The real value of a hot chocolate


Where do students go for help with important issues?

Support from parents (82.1%) is very significant, only just behind that of friends (87.4%) and the internet (58.8%).

The high attendance and engagement of students and their parents at our recent Progress Meetings confirms this key finding from the recent Mission Australia Youth Survey.

Through participation in the Youth Survey, we are able to gain valuable insights into our students lives as well as comparative national data about their aspirations, values and concerns.

Our students indicated high levels of confidence in their ability to achieve study/work goals:

  • 98.8% intending to complete Year 12
  • 80.7% aiming for university
  • 13.5% looking towards vocational training options

The top three barriers were noted as academic ability (19.3%), mental health (15.2%) and financial difficulty (12.3%).

Friendships, family relationships and physical and mental health were indicated as the three most highly valued items and the majority of students felt positive about the future.  The main issues of concern were coping with stress, school or study problems and body image.

Overall these findings call for us to continue to emphasise mental wellbeing and resilience and to promote a positive body image for our students.   Research consistently links student wellbeing with success in learning outcomes and so our Pastoral Program has been designed to target specific needs across the six years of secondary school. 

Friendships, relationships and growing independence provide the focus in the early years, moving into future pathways and readiness for adulthood in the senior years.  Workshops cover a diverse range of topics from bullying, cyber safety, study habits to partying, self-awareness and goal setting.  Our curriculum framework identifies learner profiles, empowering students to recognize their unique strengths and passions as also the areas in which they need to improve or make a greater commitment.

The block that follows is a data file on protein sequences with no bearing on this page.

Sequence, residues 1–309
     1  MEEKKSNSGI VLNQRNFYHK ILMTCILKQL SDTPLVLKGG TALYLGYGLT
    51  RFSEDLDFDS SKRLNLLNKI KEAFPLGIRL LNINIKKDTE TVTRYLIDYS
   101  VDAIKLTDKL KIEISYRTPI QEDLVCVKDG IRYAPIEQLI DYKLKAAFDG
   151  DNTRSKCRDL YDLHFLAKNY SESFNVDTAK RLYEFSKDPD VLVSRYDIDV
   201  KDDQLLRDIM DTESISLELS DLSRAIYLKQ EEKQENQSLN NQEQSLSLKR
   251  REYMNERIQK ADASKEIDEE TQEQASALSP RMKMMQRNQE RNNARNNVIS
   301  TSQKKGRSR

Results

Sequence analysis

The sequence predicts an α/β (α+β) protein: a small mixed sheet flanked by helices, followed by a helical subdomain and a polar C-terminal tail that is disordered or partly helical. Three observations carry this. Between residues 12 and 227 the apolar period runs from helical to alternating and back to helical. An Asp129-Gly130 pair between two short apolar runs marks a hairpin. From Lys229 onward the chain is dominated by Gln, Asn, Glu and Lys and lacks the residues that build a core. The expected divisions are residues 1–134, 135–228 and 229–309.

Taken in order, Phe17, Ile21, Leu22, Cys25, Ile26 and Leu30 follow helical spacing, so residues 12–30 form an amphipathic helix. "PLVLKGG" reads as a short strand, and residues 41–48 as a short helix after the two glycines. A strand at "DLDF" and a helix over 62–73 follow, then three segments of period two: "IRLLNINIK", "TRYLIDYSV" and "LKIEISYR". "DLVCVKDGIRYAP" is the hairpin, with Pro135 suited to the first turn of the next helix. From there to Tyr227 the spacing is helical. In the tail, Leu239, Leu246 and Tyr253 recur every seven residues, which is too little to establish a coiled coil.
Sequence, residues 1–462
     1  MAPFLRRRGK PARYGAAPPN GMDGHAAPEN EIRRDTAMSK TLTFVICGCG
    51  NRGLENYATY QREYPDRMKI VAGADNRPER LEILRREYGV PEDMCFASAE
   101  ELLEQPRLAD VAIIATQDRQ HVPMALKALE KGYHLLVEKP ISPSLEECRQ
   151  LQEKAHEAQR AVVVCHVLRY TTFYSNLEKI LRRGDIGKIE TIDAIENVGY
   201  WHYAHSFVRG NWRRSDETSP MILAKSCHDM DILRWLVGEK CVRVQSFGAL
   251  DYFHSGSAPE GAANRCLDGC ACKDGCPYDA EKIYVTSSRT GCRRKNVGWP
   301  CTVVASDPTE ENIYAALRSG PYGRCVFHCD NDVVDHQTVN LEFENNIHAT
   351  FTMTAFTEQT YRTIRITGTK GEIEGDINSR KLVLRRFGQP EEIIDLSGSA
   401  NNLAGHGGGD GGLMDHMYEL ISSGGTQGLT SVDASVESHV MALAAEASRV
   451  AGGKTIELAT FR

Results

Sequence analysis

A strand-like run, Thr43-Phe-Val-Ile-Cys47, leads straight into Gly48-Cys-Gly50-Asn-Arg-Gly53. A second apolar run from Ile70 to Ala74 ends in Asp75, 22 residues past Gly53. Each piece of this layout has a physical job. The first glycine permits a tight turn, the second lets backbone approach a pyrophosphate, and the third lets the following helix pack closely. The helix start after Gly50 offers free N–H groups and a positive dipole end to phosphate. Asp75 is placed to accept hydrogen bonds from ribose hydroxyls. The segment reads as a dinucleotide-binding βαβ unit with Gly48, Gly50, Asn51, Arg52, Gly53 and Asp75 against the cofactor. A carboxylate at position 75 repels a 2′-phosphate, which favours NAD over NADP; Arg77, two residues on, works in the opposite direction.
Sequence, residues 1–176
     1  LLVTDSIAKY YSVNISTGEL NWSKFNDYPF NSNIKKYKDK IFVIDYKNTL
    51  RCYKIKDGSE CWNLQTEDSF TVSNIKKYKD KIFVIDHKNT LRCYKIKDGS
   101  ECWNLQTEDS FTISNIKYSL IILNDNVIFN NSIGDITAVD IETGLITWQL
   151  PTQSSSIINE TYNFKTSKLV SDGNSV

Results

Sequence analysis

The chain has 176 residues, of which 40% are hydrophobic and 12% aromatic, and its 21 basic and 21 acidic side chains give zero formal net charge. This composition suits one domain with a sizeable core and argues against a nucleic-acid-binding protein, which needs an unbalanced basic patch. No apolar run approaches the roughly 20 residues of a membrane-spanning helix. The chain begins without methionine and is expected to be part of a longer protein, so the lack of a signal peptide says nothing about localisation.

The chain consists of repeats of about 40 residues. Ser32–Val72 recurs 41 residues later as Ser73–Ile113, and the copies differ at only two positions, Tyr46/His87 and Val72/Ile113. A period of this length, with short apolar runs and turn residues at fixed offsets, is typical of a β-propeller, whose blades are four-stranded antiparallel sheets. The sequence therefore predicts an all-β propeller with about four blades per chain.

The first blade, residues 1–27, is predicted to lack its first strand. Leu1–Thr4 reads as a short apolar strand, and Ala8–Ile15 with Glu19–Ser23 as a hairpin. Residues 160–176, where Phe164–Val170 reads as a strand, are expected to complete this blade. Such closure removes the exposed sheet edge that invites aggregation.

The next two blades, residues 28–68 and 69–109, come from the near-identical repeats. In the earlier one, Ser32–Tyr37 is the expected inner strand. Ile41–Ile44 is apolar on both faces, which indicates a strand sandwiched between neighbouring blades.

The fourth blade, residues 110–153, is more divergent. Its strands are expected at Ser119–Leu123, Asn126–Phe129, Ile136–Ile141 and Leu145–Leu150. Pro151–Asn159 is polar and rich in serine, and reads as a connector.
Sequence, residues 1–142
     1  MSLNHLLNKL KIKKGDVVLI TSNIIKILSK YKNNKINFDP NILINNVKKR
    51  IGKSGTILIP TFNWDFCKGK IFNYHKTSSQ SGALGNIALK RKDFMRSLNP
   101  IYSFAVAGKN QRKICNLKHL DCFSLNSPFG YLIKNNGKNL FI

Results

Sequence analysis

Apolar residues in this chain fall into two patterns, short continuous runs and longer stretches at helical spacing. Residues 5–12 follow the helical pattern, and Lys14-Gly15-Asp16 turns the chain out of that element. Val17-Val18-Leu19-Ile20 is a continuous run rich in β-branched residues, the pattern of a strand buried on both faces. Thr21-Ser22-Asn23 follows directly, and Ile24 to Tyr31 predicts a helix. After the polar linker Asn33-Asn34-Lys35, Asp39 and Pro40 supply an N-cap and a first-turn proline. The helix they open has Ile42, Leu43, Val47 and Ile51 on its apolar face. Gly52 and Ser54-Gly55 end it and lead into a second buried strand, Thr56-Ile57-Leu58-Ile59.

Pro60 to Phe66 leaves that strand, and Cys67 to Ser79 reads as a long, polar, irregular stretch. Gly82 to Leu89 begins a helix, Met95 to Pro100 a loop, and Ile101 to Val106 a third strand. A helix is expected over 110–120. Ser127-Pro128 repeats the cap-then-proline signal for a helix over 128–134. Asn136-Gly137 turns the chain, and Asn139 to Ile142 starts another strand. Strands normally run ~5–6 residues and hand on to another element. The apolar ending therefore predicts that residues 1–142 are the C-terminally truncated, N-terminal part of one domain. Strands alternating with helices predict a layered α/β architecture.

Psychologists and teachers collaborate to provide support for students who may be in a struggling or lacking in confidence phase, addressing their immediate concerns and advising when longer term strategies are required.  Teams of College Leaders across subjects, sports, performances, and cultural experiences collaborate and initiate activities to inspire students to achieve, to problem-solve creatively and to assist and serve the needs of others, either within the school, in the local community or in grappling with global issues such as conflict, poverty and the sharing and preservation of resources.

Relevance is a key factor for learning, and so real-life issues provide the most effective learning environment.  It answers the age-old question “why do I have to study this?”.  Once students have a credible response, their study is much more likely successful and their wellbeing improves.

Perhaps as parents and teachers, we would all do well to spend more time in explaining and talking positively with the girls in our care.  We all know the power of a friendly interaction.

As parents, we are always busy, and yet, taking time out and ensuring positive endorsement and encouragement might be just the thing to keep our girls on track. Surely a weekly check in over a cup of hot chocolate would be a win-win?

Mary Fitz-Gerald